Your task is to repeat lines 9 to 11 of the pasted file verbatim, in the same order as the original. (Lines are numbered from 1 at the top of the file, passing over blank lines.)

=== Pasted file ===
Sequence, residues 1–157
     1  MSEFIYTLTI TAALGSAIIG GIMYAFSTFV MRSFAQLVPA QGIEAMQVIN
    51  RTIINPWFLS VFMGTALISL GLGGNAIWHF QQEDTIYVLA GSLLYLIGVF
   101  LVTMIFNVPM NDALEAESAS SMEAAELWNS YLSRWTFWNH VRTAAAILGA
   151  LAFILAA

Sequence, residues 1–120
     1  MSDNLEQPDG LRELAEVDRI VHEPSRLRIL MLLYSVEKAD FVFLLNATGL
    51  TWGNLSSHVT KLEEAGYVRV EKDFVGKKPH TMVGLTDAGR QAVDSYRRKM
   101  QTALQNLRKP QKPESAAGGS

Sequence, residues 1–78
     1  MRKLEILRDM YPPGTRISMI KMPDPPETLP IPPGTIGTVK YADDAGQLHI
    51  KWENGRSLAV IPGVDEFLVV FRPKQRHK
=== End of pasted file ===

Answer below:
   101  QTALQNLRKP QKPESAAGGS

Sequence, residues 1–78
     1  MRKLEILRDM YPPGTRISMI KMPDPPETLP IPPGTIGTVK YADDAGQLHI